According to some, gravity is not a "force" at all and it is the curvature of spacetime that causes objects to necessarily follow non-euclidean paths toward the center of the earth.
We've all seen the "cannon ball on a rubber sheet" analogy to "explain" this. Problem there is, it presupposes a "force" of gravity, it seems. Why else would the cannon ball "sink into" the rubber sheet, thereby creating a depression which unsuspecting objects are forced to fall into, then follow? Without a force of gravity, why would they even "fall in" to begin with?
According to this "ask a physicist" website:
Q: Why does “curved space-time” cause gravity?
The curvature of space alone has almost no effect on the movement of objects until they are moving really fast. With the exception of only the most extreme cases (black holes), space is very, very close to flat. For example, the total stretching of space due to the Earth amounts to less than 1cm. In almost all cases the vast majority of an object’s movement is tied up in its forward movement through time.
Less than one centimeter? By the whole earth? That doesn't seem to correspond to anything like a cannonball on a rubber sheet, eh?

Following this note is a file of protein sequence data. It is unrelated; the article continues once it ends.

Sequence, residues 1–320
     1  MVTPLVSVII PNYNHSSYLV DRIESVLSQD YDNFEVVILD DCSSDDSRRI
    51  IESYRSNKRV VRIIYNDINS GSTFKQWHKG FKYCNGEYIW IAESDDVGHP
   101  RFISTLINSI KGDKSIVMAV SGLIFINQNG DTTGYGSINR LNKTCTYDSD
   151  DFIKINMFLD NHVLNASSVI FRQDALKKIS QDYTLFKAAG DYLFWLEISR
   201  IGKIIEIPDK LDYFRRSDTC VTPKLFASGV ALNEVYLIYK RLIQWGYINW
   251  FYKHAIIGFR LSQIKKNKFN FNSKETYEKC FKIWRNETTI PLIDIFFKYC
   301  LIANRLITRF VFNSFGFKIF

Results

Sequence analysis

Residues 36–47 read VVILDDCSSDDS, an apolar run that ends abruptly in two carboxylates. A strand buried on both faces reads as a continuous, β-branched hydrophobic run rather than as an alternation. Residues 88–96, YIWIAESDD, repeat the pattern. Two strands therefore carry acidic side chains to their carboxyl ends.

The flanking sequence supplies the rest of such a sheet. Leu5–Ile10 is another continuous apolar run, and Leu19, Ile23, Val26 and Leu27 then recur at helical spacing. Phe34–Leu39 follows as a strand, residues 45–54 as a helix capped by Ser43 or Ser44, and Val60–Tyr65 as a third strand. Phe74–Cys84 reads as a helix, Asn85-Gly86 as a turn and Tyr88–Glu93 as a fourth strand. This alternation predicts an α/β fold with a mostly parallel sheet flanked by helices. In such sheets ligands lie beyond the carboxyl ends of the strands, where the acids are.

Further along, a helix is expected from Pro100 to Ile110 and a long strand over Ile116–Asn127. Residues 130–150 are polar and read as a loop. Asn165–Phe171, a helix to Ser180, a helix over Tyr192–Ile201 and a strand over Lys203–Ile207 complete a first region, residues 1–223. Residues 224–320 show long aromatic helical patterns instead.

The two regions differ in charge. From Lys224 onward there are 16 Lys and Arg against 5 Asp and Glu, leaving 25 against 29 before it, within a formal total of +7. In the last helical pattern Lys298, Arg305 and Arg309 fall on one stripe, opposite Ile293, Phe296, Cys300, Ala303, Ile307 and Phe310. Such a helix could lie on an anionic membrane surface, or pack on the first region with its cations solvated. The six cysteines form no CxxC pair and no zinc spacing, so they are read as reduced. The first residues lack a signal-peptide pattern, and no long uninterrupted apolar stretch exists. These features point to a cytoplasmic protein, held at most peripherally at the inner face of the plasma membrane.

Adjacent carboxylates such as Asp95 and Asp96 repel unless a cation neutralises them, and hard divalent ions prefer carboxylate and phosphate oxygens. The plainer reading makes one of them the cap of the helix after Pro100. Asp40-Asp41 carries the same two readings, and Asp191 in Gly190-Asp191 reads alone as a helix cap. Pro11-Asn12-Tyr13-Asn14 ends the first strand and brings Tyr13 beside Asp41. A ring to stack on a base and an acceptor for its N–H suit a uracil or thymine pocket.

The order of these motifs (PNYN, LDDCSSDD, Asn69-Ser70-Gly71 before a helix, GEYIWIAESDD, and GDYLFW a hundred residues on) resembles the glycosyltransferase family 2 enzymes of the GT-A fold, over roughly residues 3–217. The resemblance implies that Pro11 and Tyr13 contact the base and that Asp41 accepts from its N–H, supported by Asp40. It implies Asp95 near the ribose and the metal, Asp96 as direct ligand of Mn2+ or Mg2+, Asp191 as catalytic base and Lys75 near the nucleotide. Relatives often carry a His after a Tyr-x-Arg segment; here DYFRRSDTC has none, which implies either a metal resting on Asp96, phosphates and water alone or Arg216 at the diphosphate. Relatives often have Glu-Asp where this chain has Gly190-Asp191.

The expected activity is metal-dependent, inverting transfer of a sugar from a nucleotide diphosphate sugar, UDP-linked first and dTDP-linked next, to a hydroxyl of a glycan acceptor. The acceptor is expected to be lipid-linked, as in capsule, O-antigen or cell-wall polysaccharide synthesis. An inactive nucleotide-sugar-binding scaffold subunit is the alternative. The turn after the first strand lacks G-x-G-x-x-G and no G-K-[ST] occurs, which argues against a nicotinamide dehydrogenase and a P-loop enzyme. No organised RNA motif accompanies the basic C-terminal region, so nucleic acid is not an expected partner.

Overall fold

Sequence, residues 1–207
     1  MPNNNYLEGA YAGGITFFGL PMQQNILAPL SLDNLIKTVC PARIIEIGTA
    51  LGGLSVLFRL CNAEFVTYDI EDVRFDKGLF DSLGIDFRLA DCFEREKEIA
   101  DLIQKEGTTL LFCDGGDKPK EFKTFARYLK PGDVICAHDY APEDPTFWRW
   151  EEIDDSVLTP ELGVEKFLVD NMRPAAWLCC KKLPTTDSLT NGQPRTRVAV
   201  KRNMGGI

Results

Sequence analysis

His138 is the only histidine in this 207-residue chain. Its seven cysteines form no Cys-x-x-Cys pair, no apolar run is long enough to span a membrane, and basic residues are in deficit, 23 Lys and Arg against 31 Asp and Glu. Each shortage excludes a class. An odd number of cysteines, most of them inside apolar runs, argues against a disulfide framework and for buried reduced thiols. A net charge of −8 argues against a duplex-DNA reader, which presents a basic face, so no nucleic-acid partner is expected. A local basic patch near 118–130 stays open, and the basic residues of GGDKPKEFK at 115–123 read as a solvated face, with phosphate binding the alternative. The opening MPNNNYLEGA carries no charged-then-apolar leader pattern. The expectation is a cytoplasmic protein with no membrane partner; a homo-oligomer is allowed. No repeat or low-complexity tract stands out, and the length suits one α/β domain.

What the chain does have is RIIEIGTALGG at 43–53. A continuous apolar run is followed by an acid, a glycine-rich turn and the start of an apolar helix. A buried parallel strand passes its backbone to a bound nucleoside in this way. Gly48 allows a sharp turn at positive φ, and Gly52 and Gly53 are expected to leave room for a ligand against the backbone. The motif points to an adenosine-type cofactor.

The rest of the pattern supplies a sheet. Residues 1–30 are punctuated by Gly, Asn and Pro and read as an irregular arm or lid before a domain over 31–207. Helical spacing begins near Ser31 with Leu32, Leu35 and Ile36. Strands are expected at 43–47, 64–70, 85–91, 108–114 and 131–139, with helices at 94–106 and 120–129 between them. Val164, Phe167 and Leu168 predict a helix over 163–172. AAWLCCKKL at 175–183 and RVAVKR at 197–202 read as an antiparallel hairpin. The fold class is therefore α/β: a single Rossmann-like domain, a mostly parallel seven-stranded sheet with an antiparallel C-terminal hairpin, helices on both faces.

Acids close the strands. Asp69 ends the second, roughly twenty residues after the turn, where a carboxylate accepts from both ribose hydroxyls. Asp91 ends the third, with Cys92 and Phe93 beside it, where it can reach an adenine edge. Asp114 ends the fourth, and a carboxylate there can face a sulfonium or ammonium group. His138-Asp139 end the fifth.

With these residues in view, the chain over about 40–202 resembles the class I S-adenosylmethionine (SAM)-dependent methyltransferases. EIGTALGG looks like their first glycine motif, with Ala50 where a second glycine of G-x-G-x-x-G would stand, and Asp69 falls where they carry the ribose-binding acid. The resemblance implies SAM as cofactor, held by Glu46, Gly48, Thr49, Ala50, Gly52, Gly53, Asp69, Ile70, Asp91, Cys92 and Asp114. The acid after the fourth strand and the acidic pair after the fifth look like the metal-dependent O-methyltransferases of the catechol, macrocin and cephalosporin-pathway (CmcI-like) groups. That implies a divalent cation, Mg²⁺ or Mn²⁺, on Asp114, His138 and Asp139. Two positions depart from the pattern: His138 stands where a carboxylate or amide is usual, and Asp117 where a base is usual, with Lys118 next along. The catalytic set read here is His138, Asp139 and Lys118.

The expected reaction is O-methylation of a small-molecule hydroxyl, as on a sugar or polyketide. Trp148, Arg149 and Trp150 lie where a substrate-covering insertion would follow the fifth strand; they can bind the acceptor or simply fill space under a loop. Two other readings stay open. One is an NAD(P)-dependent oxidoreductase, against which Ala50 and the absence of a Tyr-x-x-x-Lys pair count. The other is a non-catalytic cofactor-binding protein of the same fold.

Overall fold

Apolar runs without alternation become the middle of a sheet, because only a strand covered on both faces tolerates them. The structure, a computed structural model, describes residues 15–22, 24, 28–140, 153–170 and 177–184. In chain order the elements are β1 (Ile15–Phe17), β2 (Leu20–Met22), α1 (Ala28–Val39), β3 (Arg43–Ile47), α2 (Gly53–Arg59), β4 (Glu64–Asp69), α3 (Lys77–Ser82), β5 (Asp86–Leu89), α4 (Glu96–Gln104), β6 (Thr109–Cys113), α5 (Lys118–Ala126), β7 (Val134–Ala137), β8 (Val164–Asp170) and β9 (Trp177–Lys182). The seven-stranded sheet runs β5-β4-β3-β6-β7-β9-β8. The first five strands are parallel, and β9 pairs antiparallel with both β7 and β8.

According to this guy, it's not the "space" part of spacetime, but rather the "time" part, which forces objects around.
How does that work, exactly? How can a completely abstract concept like "time" force objects to move? What in the world does it even mean to claim that an object has "forward movement" through time. Time is not a space, which you can move through, is it?
I don't get it.
And how does time "point?" Does it have fingers to point with, or something? This guy says:
...time pointing slightly down is entirely responsible for the motion of the planets, and every other everyday experience of gravity.
So "pointing" by "time" in the direction of "down" is ENTIRELY RESPONSIBLE for planets moving, etc., eh? Can anyone make any physical sense (as opposed to graph paper sense) out of this? If so, can you explain it to me? I don't get it, for some damn reason.
Edit: Should be obvious--I meant "gravity" in the thread title, eh?
Edited by Moronium, 10 May 2018 - 08:21 PM.